European Economic and Social Committee

Do not forget the Energy Union was meant to benefit citizens and businesses, says EESC

Brüssel (ots) - Real life benefits for citizens and businesses must be the benchmark of progress towards the European Energy Union, urged the EESC in an opinion adopted at its last plenary. The EESC also called on the EC to open up the European electricity market to industry, business and local prosumer communities.

Assessing the second annual report on progress towards the European Energy Union, the EESC urged the European Commission to "go back to basics": "We must remember why we are doing all this. We are doing it for citizens, for businesses and for the benefit of the whole of society." said opinion rapporteur Tellervo Kylä-Harakka-Ruonala.

The Energy Union is a complex construct, with several pillars, many objectives and numerical targets, but progress monitoring should primarily focus on practical indicators - energy prices, industrial production figures, jobs created, emission cuts, the opinion rapporteur insisted: "As the saying goes, you get what you measure, so if you measure benefits, action will focus on these. The energy system, the physical infrastructure, the functioning of the market are important, but let's also measure the benefits which accrue to companies, workers, consumers. If we were to do that, we would actually see the linkage with what is happening in reality and what the Energy Union means in Europe on the ground."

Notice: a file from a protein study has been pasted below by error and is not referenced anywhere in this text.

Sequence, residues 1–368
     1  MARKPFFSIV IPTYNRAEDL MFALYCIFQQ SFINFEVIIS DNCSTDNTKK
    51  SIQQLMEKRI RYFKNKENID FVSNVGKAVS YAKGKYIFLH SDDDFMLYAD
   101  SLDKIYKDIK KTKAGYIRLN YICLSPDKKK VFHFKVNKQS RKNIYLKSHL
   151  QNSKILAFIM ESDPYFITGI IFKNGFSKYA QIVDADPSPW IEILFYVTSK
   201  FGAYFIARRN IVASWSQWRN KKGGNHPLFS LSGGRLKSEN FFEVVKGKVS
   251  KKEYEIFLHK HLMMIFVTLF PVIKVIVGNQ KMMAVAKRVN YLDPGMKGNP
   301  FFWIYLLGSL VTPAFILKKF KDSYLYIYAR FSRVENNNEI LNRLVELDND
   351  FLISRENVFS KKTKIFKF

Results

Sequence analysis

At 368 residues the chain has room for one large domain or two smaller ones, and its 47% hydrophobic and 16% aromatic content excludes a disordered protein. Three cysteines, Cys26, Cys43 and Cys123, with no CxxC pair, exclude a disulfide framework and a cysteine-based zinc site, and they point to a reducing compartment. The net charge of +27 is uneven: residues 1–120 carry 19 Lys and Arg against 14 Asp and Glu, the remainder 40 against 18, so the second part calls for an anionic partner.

The EESC also called on the Commission to assess low-carbon policy instruments holistically, focusing on tackling taxes and charges that raise consumer prices and subsidies that distort energy markets and investment signals. This was crucial to attract investment, the rapporteur underlined.

The Committee further encouraged the EC to take measures to strengthen the EU's carbon handprint - a positive indicator which, in contrast to the carbon footprint, refers to the combination of all the good impacts of one's action on the environment. Europe's emissions currently account for about 10% of global emissions and are expected shrink to approximately 5% in the coming decade.

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